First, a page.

Many people put hosting space and domain names into the same conversation. I propose that we think of them as separate services. Some hosting companies do sell domains as well. Others don’t sell domains, but they can host a domain you buy elsewhere. Domain names are available on an annual basis. Some registrars will allow you to register a domain for more than one year at a discount.
Before you buy your domain name, it’s important to consider the following:
- Who retains ownership of the domain? – Some companies will allow you to “rent” a domain name and others will give you ownership of the domain. In the case of renting, the company retains ownership. Domains purchased in this way are sometimes difficult to transfer to a new service.
- How easy is it to transfer to a new service? – Some companies will allow for easy transfer to and from their service. Others put procedural obstacles in the way of the transfer process.
- How are renewals handled? – Some hosts offer automatic renewals while other hosts do not. Automatic renewals don’t put your domain at risk of becoming owned by someone else.
Another confusing part of web hosting can be deciding on the software to use. Development software is as personal as the toothpaste you use. There are thousands of options on the market today. In our workshops, we use a few different editors. When working on your own, you need software that fits your workflow and personality. It’s also important to pick software that has features to make you more productive. I’m not going to discuss development software, but I will focus on what you need to publish.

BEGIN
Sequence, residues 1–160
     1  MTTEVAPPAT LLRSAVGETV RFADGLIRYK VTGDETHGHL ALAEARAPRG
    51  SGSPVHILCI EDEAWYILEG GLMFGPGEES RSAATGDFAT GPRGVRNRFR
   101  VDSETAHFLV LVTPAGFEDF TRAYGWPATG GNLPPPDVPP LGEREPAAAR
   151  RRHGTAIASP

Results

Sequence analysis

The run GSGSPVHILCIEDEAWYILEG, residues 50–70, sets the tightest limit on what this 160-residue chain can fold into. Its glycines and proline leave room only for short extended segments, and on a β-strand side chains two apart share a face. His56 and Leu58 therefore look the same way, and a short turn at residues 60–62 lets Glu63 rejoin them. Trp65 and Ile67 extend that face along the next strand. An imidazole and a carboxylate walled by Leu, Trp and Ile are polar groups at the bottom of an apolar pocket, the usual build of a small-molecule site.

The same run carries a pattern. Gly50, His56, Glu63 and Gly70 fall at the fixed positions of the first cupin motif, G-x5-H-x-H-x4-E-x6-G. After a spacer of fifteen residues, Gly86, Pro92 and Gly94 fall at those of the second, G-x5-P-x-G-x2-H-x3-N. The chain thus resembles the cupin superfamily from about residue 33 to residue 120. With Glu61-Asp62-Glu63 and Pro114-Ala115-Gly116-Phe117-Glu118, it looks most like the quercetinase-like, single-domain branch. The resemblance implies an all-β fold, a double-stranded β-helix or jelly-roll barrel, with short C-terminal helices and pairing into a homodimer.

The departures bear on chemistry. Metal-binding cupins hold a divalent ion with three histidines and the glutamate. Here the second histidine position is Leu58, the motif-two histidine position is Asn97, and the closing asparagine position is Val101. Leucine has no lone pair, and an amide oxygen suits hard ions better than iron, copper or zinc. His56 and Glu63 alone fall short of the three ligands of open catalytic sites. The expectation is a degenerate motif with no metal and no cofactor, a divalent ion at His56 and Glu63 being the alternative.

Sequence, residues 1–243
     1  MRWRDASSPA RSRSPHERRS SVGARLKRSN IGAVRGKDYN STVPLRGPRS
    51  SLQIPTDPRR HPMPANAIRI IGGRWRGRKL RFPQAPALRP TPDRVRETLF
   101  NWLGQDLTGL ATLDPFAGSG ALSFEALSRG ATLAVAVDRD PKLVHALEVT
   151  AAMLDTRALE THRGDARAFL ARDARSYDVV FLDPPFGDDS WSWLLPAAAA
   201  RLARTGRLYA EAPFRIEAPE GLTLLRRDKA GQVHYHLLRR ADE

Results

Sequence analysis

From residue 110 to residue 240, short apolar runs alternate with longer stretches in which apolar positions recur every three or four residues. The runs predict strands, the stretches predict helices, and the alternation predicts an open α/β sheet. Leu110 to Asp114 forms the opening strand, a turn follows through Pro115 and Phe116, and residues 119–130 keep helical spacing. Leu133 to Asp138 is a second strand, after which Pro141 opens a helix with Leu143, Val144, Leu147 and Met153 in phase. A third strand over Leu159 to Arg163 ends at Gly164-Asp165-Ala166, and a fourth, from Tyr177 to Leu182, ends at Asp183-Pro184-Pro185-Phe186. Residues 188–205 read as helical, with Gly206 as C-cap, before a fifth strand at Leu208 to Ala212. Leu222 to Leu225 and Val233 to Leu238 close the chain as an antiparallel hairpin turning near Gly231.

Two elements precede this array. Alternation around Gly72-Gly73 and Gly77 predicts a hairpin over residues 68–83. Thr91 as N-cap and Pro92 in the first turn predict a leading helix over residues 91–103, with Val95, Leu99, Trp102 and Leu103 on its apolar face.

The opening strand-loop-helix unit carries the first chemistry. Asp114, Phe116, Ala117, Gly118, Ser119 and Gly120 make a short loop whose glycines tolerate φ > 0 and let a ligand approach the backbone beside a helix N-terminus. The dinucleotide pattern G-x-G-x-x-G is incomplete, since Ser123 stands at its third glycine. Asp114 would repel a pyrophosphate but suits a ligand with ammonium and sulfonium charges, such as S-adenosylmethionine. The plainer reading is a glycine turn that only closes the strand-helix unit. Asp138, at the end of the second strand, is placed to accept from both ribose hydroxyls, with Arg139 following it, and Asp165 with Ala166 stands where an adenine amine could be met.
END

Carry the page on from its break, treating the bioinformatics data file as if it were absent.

To publish for the web, you will need:
- Secure File Transfer Protocol (SFTP) Client
- On macOS or Windows, Cyberduck is available.
- Optional: A Secure Shell (SSH) Client
- Built-in on macOS via Terminal. On Windows, PuTTY.
Secure File Transfer Protocol Client (SFTP Client)
This application will allow you to move files from your computer to the server. Any files used on your site need to exist on the server. Files not uploaded will not be available to your site’s visitors. Most of these applications allow for drag and drop, just like moving files on Windows or macOS.
Optional: Secure Shell Client (SSH Client)
This application allows you to connect to your server via the command line. If you need to change permissions, edit configuration files or make quick edits, this is an easy way. You do need to know how to execute commands via the command line to use an SSH client.
Your web host should send you information about how to connect to their servers. These instructions will include a URL, username, and passphrase. Use these credentials to connect via the SFTP or SSH client.
They will also include information about how to connect to your site’s control panel. The control panel is a website that allows you to manage the settings for your hosting. For example, you can set up databases, create email accounts, and configure domain settings.
I hope this post clears up confusion for folks just getting into hosting web pages. The more you work with your host, the more familiar you will become with the tools.
Have things to consider that I missed, leave a comment!